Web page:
Booklist, April 2013
A quote from Lincoln expressing faith in “the ultimate justice of the people” ushers in this collection of poems, while another from Whitman as to our “common indivisible destiny” marks its end. These are poems for, not just about, social justice, selected and arranged to inspire readers to action. In keeping with this bold mission, the selections are divided into five sections, intentionally orchestrated to help young people look at the American experience from different angles. In the first section, “liberty was misquoted,” the poems call into question our oft-insular mindset and misguided interpretations of “other.” By collection’s end, however, the poems focus on “the next thing to happen,” a space where teens may be moved to ponder what kinds of roles they will be bold enough to take up in this world. Yet whether readers take the intended journey or simply dip in and out, selecting a poem here or there, the impact is the same. Each poem (selections from both lesser- and well-known American poets are included) can stand strongly on its own. From Langston Hughes and Amiri Baraka to Joy Harjo and Toi Derricotte, the poets discuss perspective, misguided pity, stereotyping, patriarchy, and thousands of other sticky issues. This carefully selected collection is not only poetically breathtaking, but will undoubtedly prove useful time and again as we seek to provide resources for educating empathetic global citizens."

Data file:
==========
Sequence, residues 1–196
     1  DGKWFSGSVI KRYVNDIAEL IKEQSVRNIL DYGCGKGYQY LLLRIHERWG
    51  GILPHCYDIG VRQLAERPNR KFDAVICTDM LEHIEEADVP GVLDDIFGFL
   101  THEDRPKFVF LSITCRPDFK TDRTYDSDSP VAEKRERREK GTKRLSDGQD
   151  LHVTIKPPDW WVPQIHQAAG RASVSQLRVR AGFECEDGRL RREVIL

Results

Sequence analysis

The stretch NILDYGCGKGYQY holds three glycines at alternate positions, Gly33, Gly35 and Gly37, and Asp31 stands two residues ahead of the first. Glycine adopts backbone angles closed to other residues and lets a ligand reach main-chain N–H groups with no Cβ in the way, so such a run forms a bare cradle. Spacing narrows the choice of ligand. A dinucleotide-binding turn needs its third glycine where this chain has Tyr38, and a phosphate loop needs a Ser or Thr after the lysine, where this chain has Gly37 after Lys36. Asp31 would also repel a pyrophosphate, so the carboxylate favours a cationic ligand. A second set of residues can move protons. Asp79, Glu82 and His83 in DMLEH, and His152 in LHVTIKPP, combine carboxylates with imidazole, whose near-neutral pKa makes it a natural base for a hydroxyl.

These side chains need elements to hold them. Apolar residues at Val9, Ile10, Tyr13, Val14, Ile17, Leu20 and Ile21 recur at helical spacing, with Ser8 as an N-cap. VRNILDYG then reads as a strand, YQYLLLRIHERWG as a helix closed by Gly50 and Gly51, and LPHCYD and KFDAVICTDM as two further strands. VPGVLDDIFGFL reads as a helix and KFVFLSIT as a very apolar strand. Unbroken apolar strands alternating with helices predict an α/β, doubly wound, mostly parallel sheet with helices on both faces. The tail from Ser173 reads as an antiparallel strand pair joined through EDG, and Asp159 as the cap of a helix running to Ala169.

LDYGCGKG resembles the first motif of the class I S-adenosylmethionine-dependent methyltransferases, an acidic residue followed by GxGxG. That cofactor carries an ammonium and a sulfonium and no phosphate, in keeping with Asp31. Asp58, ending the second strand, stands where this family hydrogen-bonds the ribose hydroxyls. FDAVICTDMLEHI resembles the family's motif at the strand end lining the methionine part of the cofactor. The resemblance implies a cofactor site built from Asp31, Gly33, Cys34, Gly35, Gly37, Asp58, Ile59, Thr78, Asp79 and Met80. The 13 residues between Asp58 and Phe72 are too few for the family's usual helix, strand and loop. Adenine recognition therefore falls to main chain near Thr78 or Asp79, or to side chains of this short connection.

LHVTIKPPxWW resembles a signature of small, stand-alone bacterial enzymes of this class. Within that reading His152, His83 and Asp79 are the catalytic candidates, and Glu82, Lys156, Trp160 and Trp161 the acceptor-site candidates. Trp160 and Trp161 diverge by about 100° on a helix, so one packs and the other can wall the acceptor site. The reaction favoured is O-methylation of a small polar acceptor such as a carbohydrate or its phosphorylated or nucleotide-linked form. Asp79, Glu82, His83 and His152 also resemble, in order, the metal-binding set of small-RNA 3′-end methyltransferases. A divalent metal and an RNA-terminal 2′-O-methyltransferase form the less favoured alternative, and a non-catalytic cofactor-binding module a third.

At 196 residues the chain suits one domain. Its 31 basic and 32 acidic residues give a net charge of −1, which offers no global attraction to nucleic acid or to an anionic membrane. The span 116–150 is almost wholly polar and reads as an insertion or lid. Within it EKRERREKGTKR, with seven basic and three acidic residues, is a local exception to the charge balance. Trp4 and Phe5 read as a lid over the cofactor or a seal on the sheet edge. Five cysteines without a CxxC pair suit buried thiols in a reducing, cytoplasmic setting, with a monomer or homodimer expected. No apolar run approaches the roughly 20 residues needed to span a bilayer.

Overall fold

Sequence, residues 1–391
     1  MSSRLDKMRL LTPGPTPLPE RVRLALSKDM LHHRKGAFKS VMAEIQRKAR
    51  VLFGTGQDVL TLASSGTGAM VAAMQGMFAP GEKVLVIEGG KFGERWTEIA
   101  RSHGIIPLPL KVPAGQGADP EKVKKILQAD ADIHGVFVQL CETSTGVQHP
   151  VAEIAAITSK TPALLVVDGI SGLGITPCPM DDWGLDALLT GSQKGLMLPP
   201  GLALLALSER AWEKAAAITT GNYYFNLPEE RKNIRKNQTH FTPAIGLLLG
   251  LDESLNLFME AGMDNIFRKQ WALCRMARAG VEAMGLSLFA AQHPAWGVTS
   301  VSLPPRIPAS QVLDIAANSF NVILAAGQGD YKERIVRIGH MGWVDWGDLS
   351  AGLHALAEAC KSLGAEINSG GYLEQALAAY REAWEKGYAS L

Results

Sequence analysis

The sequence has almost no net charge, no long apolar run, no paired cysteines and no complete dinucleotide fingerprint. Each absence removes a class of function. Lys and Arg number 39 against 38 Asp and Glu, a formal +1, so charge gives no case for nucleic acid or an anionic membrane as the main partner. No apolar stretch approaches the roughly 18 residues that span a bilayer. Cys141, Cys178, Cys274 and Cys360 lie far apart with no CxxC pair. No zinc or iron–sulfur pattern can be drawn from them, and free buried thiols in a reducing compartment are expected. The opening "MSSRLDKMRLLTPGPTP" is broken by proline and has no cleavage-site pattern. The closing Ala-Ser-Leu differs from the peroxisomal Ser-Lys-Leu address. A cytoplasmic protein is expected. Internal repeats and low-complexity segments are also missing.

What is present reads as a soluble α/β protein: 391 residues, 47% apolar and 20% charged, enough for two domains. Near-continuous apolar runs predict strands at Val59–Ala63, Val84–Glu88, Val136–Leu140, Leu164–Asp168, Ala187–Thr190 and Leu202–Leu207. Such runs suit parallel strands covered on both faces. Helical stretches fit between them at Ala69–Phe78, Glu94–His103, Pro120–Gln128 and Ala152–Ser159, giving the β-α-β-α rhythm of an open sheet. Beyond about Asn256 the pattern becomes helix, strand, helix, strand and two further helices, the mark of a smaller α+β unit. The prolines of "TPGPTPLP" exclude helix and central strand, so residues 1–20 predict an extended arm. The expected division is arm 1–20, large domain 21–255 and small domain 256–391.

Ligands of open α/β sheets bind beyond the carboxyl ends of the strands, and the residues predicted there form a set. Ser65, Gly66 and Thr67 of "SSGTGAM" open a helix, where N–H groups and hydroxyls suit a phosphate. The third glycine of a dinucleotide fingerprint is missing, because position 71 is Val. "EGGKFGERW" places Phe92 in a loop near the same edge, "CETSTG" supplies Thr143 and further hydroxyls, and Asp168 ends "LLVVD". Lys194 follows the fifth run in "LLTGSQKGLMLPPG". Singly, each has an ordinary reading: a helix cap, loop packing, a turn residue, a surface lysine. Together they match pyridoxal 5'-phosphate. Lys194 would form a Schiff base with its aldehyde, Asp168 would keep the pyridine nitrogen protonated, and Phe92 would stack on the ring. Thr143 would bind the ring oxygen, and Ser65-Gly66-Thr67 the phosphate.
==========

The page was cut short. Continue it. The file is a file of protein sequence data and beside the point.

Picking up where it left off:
School Library Journal, April 2013
Indivisible: Poems for Social Justice, edited by Gail Bush & Randy Meyer, is a collection of poems written by a wide variety of well-known poets, from Langston Hughes and Pat Mora to Billy Collins and Joy Harjo. While it addresses the subject of social inequity, the anthology also points out what is just and right, ending with a poem by William Stafford entitled “Being a Person.” The book ends with a Biographical Notes section that provides anecdotal information about each poet (although it does contain a disclaimer that the notes are “certifiably uncertified”).
Mackin, March 2013
This collection of 54 poems is devoted to “living in a more socially just America,” according to the co-editors of this anthology. Poets such as Billy Collins, Pat Mora, Matthew Thomas Bush, Langston Hughes, Amiri Baraka, Ishmael Reed and more 20th century writers make this volume relevant for today’s world. This work is divided into five sections beginning with “liberty was misquoted” and goes on from there to develop concepts of freedom and equality and how teens can be moved to make change and move to action. The foreword is written by Common, a hip-hop artist, whose involvement may draw teen readers to the book. For more in this theme, read the CL/R SIG's reviews of new children's books about social justice. http://www.reading.org/general/Publications/blog/BlogSinglePost/reading-today-online/2013/05/15/book-reviews-poetry#.UZPRKWS9Kc0
Reading Today Online, May 2013
Shelf Worthy Young Adult Title - Baker & Taylor